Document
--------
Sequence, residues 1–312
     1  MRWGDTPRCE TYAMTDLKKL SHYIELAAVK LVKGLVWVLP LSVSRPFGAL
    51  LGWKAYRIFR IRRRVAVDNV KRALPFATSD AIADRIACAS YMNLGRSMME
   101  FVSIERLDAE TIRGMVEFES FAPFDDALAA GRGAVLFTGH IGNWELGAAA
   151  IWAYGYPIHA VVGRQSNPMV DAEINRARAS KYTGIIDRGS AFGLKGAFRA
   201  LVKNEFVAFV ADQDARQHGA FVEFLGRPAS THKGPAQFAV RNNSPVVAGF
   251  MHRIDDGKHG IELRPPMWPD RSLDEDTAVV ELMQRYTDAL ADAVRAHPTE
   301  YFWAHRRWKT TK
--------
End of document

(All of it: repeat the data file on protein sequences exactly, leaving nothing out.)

Sequence, residues 1–312
     1  MRWGDTPRCE TYAMTDLKKL SHYIELAAVK LVKGLVWVLP LSVSRPFGAL
    51  LGWKAYRIFR IRRRVAVDNV KRALPFATSD AIADRIACAS YMNLGRSMME
   101  FVSIERLDAE TIRGMVEFES FAPFDDALAA GRGAVLFTGH IGNWELGAAA
   151  IWAYGYPIHA VVGRQSNPMV DAEINRARAS KYTGIIDRGS AFGLKGAFRA
   201  LVKNEFVAFV ADQDARQHGA FVEFLGRPAS THKGPAQFAV RNNSPVVAGF
   251  MHRIDDGKHG IELRPPMWPD RSLDEDTAVV ELMQRYTDAL ADAVRAHPTE
   301  YFWAHRRWKT TK